As a longtime fan of Daniel Johnston's quirky music, filmmaker Jeff Feuerzeig thought it fitting to make a documentary about the brilliant-but-troubled musician.

The Devil and Daniel Johnston is an apt title for Feuerzeig's film, depicting the wild roller coaster ride of an artist with bipolar disorder who has often battled his inner demons—sometimes quite literally.

Johnston, now 45, is a self-professed Christian who acknowledges Satan's presence and the reality of spiritual warfare, though his mental illness at times twisted those truths into bizarre manifestations that haunt him and his art—his music and his drawings. Today, Johnston lives with his parents, both in their 80s, who worry about what will happen to him after they die.

Director Jeff Feuerzeig and Daniel Johnston at the Sundance premier of the film

Director Jeff Feuerzeig and Daniel Johnston at the Sundance premier of the film

The documentary is an honest glimpse into the sometimes strange, often disturbed, and always churning mind of a creative wunderkind whose music has been covered by Pearl Jam, Zwan, Beck, and Wilco, and whose fans include Johnny Depp, David Bowie, Simpsons creator Matt Groening—and Jeff Feuerzeig.

Feuerzeig won Best Director at Sundance last year for The Devil and Daniel Johnston, which took more than four years to make. Much of that time was spent transcribing hundreds of audio cassettes on which Johnson documented much of his life—from his teenage arguments with his mom, to his undying love for a girl who never returned it, to his delusions that he was Casper the Friendly Ghost. Snippets from those tapes are played throughout the film, giving the viewer unprecedented "access" to the mind of a genius at work—sometimes in the surge of creativity, sometimes in the midst of a meltdown.

It's a fascinating portrait of a tormented-yet-gentle soul, and a project that Feuerzeig was more than happy to discuss with Christianity Today Movies.

You wanted to make this film because you're a longtime fan?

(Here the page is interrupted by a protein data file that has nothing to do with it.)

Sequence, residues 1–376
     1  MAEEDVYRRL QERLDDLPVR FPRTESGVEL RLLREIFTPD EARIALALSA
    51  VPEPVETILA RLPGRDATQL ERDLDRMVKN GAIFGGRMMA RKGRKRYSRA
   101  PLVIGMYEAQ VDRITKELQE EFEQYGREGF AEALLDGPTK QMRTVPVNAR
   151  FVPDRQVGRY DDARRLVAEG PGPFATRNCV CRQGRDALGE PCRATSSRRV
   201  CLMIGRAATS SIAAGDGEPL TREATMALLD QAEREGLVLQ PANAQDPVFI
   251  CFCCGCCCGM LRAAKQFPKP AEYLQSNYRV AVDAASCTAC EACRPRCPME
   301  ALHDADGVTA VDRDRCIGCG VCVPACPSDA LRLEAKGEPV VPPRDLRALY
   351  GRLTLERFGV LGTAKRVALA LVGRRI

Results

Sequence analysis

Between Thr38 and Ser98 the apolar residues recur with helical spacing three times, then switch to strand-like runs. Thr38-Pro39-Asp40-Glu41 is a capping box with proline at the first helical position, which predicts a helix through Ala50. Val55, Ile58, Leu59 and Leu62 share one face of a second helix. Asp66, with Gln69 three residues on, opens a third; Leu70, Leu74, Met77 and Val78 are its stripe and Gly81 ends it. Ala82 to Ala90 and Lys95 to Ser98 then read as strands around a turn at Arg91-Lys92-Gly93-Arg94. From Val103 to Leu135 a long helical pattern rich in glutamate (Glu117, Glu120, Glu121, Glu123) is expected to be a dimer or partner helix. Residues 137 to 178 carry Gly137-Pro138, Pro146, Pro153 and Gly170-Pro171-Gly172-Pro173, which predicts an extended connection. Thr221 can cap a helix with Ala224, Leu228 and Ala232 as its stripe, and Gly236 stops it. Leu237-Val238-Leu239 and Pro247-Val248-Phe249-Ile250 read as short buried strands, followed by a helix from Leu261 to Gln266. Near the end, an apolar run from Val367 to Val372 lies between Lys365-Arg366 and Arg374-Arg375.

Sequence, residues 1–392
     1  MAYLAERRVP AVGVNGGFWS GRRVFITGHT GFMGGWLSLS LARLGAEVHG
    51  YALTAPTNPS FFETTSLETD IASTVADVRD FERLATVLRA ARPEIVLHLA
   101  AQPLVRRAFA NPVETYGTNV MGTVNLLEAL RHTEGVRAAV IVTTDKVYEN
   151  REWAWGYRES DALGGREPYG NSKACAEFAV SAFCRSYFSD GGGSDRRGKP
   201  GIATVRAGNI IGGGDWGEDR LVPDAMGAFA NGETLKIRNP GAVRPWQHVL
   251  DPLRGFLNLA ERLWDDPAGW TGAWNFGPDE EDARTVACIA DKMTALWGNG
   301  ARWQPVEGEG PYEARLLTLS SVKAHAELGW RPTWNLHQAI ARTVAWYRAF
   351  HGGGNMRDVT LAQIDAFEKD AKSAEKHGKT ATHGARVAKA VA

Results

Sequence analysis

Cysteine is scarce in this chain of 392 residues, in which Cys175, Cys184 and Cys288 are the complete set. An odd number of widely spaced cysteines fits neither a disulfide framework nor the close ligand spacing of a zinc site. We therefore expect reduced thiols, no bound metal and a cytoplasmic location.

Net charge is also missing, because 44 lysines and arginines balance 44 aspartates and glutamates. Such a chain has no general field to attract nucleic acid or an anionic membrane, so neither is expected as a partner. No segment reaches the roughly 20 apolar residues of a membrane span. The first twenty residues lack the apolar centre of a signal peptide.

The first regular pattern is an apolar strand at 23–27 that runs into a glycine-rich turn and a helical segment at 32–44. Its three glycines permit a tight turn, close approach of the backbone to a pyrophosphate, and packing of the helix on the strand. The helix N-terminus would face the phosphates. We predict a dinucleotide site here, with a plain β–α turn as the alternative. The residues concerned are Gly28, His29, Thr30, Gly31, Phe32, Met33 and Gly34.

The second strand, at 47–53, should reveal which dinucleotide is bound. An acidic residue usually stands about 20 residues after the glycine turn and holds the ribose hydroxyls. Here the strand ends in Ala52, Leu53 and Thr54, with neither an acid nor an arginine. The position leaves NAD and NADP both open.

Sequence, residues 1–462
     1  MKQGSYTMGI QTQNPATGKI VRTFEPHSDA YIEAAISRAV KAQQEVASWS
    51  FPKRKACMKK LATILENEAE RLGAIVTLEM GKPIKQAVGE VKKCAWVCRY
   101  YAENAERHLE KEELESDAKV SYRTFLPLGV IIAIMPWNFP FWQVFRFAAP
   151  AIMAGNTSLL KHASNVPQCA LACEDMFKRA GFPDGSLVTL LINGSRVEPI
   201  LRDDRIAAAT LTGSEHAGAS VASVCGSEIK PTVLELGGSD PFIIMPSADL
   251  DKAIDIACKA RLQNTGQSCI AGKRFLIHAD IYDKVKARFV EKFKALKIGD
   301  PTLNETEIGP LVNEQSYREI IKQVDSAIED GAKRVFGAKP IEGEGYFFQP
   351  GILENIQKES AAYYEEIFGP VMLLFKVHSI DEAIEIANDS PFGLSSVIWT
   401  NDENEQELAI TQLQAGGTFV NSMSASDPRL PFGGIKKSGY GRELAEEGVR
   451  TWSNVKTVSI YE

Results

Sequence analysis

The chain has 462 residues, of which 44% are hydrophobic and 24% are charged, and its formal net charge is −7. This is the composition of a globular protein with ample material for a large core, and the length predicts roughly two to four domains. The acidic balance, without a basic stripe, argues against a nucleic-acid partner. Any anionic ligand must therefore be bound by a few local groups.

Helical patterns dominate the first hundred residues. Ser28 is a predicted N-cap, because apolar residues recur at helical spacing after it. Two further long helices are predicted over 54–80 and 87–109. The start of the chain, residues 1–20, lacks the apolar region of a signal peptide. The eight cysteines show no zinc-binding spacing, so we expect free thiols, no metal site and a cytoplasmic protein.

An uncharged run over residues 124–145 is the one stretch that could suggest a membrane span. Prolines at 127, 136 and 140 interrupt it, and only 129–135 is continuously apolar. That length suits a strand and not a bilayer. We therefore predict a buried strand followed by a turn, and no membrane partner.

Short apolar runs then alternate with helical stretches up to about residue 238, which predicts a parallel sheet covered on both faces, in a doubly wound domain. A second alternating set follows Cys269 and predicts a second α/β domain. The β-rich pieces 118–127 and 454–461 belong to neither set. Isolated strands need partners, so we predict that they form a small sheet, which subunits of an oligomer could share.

Jeff Feuerzeig: I've been a huge fan since '85, of his music and his art. I simply thought his life and his journey through manic depression—you know, madness and creativity—was very cinematic. I thought it would be a great movie to tell his story. 

How did it affect you personally? Did it make you even more of a fan?

Feuerzeig: I don't think I could become more of a fan because I was and remain his biggest fan and champion. I believe very strongly that the music he created in '81,'82, '83, in his basement, when he was really young, is the most raw, unfiltered, beautiful emotion that's been laid to tape. It's unfiltered because of his manic depression. And his unrequited love songs are just different than anyone else's. I've seen it touch people all over the world, and it keeps getting passed around.

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Could you have made this film without all the audiotapes Daniel had made?

Feuerzeig: Absolutely not. One of the key reasons the film is unique is that Daniel essentially recorded his entire life on tape. It's probably the first opportunity we've ever had to go on the complete journey of an artist through their own audio diaries. You couldn't make a film on van Gogh like this; the material doesn't exist.

At 18, Daniel Johnston was ready to take on the world

At 18, Daniel Johnston was ready to take on the world

Sound is much more important than picture, and Daniel takes us there in the moment on those tapes. When his manic depression hits and he has tingles in his fingers, well, he's recording that. He recorded his telephone conversations; he recorded audio letters to friends, diaries, his mom yelling at him, family arguments. It's all there on the tape. He recorded his own arrest at the Statue of Liberty when he drew hundreds of Christian fish throughout the staircase. That's extraordinary. 

I transcribed them all, and I assembled what we call an internal monologue, which is what really takes us throughout his life, from his point of view.

What's the biggest thing you learned while making this film, whether it's about Daniel, about mental illness, or about Christianity?

Feuerzeig: About Daniel, I learned that to him, everything is good. Like in music. For me, bands like Journey, REO Speedwagon and Kansas make my skin crawl. But Daniel is listening to those bands right next to the Beatles and Elvis Costello—and it's all good to him. There's no bad. It's all just input to him.

As far as Christianity, I learned a great deal. I learned that The Church of Christ is a very hip church. It's the only church I've ever been in where there's not one Jesus or cross on the walls; there's no symbolism. And the congregation sings the entire service together. Daniel comes out of that tradition, and he's actually recorded a few of those songs from church—like Careless Soul, which is on his gospel album, titled 1990.

How would you describe Daniel's faith today? Would he call himself a Christian?

Feuerzeig: Absolutely. His family and Daniel are fundamentalist, right-wing Christians. But I don't blame his family, his parents, for not understanding him when he was a teenager. They didn't understand having an artist in the basement. I think there are a lot of families who would tell their kid, "Maybe music and art should just be a hobby. Why don't you just go get a job?"

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A young Daniel with his parents,Bill and Mabel

A young Daniel with his parents,Bill and Mabel